This to me is probably the biggest difference between these two kinds of activist shareholders: The good thing about the differences is that they’re not mutually exclusive from a climate perspective. Whether Exxons changes to 100% clean energy rapidly and flourishes or loses so much money that it can’t fund its operations and dies, we win.

Are we at an inflection point?

It seems by the recent successes by activist shareholders such as Follow This and Engine no 1 that we might have reached an inflection point. In a follow-up e-mail we asked Betsy that exact question (edited for brevity):

“For the success with shareholder activist climate votes there are, of course, many factors. To summarise the most important:

First, there has been momentum building for a few years. The Follow This resolution at Shell has been on the ballot since 2016 (when it got less than 3% of the votes) and has increased a little each year as more investors realise that climate change cannot be ignored in risk calculations, even in the most basic sense of material/financial risk.

Secondly, this is indicative of the finance industry as a whole, which seems to really be on the precipice of major change following this AGM season. In general, more investors than ever are factoring in climate as a serious risk (but also an opportunity in some markets, like renewables) as they realise that it is heavily within the interest of their portfolio to take it into account considering the pace at which fossil fuel assets are likely to become stranded in the future and the increasing costs of climate litigation and taxes compared to declining cost of renewables. Not only are fossil fuels becoming less of a secure investment in themselves, but also it has become clear that their effects on global climate will damage all sectors, therefore all investments in a portfolio.

Specifically in the US, the political climate probably had an impact. This is because of the gatekeeping of shareholder proposals that doesn't exist so much in the EU. As the decisions of exclusion (as mentioned earlier, red.) were carried out following Biden's election and his executive order that demanded all departments and agencies put climate as a priority, there was definitely a higher chance the proposals even had the opportunity to come to a vote than in years before (under Trump, red.).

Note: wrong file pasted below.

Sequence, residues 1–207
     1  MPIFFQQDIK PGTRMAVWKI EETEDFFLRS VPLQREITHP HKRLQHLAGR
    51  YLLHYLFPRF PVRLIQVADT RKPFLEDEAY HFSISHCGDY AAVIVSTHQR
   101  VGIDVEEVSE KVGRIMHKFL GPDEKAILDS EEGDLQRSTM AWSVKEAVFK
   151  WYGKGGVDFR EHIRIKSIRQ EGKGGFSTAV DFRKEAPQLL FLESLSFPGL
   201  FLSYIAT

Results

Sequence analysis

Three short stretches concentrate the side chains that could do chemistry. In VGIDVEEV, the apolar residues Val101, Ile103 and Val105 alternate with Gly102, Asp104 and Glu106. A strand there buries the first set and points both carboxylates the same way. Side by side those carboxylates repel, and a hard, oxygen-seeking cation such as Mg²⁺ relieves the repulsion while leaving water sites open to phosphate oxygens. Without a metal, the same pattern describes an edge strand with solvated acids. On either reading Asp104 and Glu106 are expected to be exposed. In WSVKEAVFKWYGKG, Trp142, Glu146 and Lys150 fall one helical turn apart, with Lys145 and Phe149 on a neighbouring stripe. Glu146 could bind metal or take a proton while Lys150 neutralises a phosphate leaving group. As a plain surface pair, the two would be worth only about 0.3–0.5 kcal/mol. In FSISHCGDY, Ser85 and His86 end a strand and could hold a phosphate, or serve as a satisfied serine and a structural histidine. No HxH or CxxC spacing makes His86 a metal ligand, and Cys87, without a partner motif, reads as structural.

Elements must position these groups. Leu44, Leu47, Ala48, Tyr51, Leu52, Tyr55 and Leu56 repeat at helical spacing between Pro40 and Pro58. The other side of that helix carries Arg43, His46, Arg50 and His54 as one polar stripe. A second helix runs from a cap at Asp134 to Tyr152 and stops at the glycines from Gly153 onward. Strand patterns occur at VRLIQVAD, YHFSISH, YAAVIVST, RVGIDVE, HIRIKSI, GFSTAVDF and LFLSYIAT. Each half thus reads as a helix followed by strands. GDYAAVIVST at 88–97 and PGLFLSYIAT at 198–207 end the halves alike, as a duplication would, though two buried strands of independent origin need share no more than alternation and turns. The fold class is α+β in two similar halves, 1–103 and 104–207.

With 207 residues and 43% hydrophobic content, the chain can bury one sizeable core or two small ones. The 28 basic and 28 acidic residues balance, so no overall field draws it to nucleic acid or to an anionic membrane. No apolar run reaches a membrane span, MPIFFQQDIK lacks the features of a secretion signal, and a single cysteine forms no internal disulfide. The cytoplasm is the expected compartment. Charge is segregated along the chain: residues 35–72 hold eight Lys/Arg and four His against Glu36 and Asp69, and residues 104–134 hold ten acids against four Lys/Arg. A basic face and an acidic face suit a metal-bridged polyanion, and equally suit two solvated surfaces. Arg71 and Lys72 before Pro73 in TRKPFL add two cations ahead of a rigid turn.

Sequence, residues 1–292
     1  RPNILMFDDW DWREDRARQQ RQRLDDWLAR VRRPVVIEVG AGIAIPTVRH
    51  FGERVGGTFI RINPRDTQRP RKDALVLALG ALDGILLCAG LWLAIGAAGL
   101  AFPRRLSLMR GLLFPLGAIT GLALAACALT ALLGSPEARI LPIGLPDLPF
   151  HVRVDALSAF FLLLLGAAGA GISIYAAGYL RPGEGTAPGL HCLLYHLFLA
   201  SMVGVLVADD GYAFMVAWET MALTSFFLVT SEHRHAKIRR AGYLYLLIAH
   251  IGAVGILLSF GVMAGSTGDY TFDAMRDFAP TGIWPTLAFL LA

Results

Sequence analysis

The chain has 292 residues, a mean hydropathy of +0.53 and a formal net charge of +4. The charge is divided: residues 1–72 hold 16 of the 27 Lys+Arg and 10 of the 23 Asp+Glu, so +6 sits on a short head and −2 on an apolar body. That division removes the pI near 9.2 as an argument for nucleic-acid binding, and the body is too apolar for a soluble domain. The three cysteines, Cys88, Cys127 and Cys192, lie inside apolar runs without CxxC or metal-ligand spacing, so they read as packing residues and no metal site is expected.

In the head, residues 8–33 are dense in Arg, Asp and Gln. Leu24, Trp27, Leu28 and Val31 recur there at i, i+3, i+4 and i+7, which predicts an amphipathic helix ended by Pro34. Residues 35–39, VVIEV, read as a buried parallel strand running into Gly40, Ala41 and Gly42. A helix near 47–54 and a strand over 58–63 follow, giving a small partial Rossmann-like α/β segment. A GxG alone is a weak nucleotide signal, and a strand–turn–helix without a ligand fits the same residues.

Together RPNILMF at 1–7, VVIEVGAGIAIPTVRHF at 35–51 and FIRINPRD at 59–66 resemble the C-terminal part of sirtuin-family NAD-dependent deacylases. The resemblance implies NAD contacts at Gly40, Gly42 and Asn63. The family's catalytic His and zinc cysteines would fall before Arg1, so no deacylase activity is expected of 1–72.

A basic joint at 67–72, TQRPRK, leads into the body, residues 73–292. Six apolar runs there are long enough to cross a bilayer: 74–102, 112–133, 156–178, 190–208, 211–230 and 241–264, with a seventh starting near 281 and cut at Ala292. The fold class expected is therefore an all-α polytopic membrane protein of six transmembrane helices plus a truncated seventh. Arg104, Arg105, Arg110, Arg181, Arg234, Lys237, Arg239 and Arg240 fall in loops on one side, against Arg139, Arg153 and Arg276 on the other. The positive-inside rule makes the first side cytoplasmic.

Finally, we saw incredibly high votes for climate resolutions in the US (both against the advice of company management and against the advice of top proxy voting advisors, which is quite rare). This is likely in part due to the fact that US oil and gas companies have really zero commitment to climate strategies.”

On Betsy’s last point: Readers of my newsletter will know that I’m very critical of the fossil fuel companies in the EU and their “green” agenda. It’s no secret that there are mounting evidence that all they’re doing is greenwashing. In the US they don’t even bother pretending that they’re doing anything. This might give shareholder activists “easier” wins in the US because it’s easier to show the faults. Whereas over here in the EU it’s harder because the picture is more muddled due to the clever marketing schemes employed by the fossil fuel majors. In some sense the greenwashing strategy employed by the EU fossil fuel companies protects them from shareholder activism. Fortunately, the requirements before the management will need to take action is lower in the EU so it doesn’t look like it’s protecting them for long!

We all hope that this way of using capitalism against itself is accelerating in the coming years. And this is where Follow This is such a cool initiative because you don’t need millions in the bank to make a difference. If you, like me, believe in shareholder activism be sure to support them by buying a green share of your choice. I probably need the standard this is not investment advice here though!

🏃‍♂️💨 TL;DR

Shareholder activism stands in contrast to divestment as a way to utilize the core of capitalism to spur change in companies. Different countries have different rules for how shareholder activism can operate. The basic function though is the same: The shareholder activist submits a shareholder resolution at the Annual General Meeting (AGM) which all shareholders have to vote on. The key to a shareholder activist is to get an increasing amount of support for the resolutions as that can be used to pressure the company to action. Shareholder activism works great in tandem with divestment as shareholder activism uses divestment as a threat to get their resolutions in front of the management. That is in general how shareholder activism achieves the highest amount of pressure.

That’s it for this deep dive! I hope you enjoyed it. Let me know what you thought about it in the comments below or by sending me an e-mail at michael@weeklyclimate.com.

If you have any questions / comments for Betsy or Follow This, Betsy can be reached on email and whatsapp (+31629367940). Also be sure to follow Follow This on LinkedIn and Twitter.

Be sure to join us on Clubhouse TODAY for a discussion about cows and agriculture. As well as whichever news item you want to bring forward.

Thank you for reading and enjoy the rest of the week! 👋